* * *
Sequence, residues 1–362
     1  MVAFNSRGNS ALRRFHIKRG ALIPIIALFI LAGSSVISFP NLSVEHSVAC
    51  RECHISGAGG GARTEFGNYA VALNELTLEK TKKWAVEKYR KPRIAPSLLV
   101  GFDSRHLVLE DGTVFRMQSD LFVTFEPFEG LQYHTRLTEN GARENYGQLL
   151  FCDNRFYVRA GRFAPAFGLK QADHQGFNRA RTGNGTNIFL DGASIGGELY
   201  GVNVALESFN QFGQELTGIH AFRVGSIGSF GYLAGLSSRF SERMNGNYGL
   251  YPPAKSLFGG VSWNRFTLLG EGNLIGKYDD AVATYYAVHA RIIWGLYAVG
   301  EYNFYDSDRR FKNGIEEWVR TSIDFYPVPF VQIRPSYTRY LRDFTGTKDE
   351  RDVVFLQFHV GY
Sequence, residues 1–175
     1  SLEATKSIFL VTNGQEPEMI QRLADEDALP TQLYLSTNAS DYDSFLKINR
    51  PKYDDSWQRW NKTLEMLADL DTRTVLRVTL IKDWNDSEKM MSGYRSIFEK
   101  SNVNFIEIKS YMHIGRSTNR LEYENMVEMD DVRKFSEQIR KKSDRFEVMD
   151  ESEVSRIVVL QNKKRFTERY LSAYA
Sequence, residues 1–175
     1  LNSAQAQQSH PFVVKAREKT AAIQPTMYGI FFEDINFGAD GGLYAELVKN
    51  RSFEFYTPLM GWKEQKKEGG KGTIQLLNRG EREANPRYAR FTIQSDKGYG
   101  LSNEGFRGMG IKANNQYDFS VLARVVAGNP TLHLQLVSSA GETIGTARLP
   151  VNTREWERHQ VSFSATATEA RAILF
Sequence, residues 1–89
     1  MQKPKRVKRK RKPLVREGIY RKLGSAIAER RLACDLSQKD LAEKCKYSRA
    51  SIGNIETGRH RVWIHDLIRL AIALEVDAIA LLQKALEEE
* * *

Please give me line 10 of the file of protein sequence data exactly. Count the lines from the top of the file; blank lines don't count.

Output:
Sequence, residues 1–175